RSA spells out stance

Presentation to Mr and Mrs John Ross by the employees of Ross and Glendinning’s Roslyn Mills. Mr...
Presentation to Mr and Mrs John Ross by the employees of Ross and Glendinning’s Roslyn Mills. Mr W. Miller makes the presentation. — Otago Witness, 13.7.1920. COPIES OF PICTURE AVAILABLE FROM ODT FRONT OFFICE, LOWER STUART ST, OR WWW.OTAGOIMAGES.CO.NZ
Mr George M. Smith, secretary of thelocal Returned Soldiers’ Association, told a representative of this paper yesterday that the recent National Conference of the association was unanimous in the opinion that the ever-increasing influx of Orientals must be stopped immediately. It was there recommended that all the local associations hold public meetings at which resolutions should be passed urging the Government immediately to stop this immigration. ‘‘The association,” Mr Smith continued, “fully recognises that those Orientals already in the country must be allowed to earn their living in any direction they desire, provided that the laws of the country are complied with. It also recognises that, if the country is to continue to advance and prosper, a heavier population is necessary, but it fails to see why the population should not be wholly British. ‘‘There are thousands of English ex- soldiers awaiting an opportunity to immigrate to the colonies, and when our own men are properly repatriated the soldiers of this country look forward to seeing the ex-Imperial men settling here.”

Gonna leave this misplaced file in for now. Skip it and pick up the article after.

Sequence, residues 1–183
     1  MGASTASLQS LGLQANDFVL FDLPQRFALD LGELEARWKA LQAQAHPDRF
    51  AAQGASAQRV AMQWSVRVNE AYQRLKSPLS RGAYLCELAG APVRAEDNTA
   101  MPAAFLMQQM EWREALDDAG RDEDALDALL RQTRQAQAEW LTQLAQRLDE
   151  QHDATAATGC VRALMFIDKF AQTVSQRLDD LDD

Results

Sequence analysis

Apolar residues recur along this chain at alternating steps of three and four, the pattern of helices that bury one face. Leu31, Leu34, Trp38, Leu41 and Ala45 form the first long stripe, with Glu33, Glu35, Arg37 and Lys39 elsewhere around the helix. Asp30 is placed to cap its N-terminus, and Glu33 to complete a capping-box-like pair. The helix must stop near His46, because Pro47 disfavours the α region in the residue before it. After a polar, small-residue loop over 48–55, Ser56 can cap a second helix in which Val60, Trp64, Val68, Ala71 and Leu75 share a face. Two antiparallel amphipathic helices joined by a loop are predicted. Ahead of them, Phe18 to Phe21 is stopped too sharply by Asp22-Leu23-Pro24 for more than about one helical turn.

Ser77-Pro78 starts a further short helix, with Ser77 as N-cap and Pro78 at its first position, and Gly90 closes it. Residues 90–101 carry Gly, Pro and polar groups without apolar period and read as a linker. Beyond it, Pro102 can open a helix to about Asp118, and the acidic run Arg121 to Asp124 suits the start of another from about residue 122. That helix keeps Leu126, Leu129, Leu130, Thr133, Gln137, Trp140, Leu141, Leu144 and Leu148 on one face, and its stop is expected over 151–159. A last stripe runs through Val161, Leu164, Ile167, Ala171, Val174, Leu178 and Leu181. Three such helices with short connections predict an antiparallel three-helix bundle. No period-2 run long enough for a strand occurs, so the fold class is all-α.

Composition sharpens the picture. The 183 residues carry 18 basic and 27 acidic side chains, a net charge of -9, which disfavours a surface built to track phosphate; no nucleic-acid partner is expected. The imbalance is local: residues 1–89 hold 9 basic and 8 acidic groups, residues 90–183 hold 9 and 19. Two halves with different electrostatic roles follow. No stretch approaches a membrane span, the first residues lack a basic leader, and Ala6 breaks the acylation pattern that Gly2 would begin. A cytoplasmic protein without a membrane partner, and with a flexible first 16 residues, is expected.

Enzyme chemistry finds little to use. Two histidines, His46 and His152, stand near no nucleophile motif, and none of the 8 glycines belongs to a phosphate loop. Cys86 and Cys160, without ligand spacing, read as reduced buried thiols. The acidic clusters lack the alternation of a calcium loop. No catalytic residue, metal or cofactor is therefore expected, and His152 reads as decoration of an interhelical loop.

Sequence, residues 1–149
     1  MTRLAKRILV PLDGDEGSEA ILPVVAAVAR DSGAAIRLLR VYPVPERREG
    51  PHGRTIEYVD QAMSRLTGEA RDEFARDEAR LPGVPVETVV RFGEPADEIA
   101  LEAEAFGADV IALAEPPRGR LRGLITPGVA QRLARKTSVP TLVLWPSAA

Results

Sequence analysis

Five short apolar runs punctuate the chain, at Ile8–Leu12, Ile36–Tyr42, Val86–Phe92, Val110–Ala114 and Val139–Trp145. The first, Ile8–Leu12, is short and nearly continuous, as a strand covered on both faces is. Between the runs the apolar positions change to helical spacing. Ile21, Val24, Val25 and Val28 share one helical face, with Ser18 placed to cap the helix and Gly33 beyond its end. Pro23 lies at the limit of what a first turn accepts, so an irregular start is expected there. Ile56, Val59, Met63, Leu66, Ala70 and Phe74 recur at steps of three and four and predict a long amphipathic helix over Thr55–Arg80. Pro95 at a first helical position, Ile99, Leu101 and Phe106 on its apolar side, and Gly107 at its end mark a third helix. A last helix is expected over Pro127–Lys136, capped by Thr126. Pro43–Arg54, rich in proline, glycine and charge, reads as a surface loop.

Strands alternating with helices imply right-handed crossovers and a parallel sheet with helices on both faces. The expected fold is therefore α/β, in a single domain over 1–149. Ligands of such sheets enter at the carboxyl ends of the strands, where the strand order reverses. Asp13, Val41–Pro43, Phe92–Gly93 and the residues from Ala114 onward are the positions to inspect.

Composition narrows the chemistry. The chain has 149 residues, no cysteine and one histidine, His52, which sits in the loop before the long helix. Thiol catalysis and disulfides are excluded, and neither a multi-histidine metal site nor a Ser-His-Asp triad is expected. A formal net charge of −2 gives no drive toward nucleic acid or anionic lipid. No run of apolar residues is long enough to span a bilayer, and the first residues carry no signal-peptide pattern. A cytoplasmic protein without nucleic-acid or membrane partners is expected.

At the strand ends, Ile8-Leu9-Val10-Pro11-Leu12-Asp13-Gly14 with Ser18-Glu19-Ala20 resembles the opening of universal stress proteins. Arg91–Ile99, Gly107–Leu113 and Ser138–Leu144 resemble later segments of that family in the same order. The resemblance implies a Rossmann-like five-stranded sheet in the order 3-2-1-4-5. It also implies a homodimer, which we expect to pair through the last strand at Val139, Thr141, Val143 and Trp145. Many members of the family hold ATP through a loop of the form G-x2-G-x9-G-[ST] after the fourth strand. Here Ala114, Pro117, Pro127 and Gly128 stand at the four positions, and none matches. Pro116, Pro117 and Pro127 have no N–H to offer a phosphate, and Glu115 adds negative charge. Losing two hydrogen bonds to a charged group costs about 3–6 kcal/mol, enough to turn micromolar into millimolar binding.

Milling planned near Okarito

The Great Western Timber Company (Ltd), now being formed with a capital of £125,000, will have milling rights to a large area of forest in the vicinity of the port of Okarito in South Westland and to more forest near the Wanganui River (south of Hokitika). Mr Gideon Anderson, Crown Lands ranger, now forestry inspector, estimates that in the 6000 acres adjacent to Okarito there is 80% rimu, 17% white pine, the balance being silver pine, totara and matai. He further estimates that this area will average 30,000 feet to the acre.

Marooned sailor rescued

Our Invercargill correspondent wires that a report from Stewart Island states that Messrs Cecil Hazlett and Jules Tapper, on returning from a cruise in the upper waters of Paterson’s Inlet, picked up a castaway on the rocks known as Faith, Hope, and Charity. The marooned sailor was Hans Nilsen, who has the contract for bringing the mails and stores to Alva and Kaipipi. His launch, the Viking, developed engine trouble and was thrown during the dirty weather of last week on to therocks mentioned. Nilsen was in a very exhausted state when rescued, for during the days and nights he was on the rocks, he had neither food nor water. The mails and stores were lost.

Back-blocks teachers needed

Mr J. L. Dunn (Secretary to the Hawke’s Bay Education Board) says there is still a very great shortage of teachers in the district. The board is experiencing considerable difficulty in securing the services of a sufficient number of efficient teachers. For eight vacancies required to be filled yesterday morning only two teachers were available. Teachers for back-blocks schools are most difficult to obtain. Unless greater inducements are held out in the way of higher salaries sufficient to induce a greater number of suitable entrants into the profession, the question of staffing a large number of schools in the districtpromises to become very acute.

ODT, 1.7.1920.


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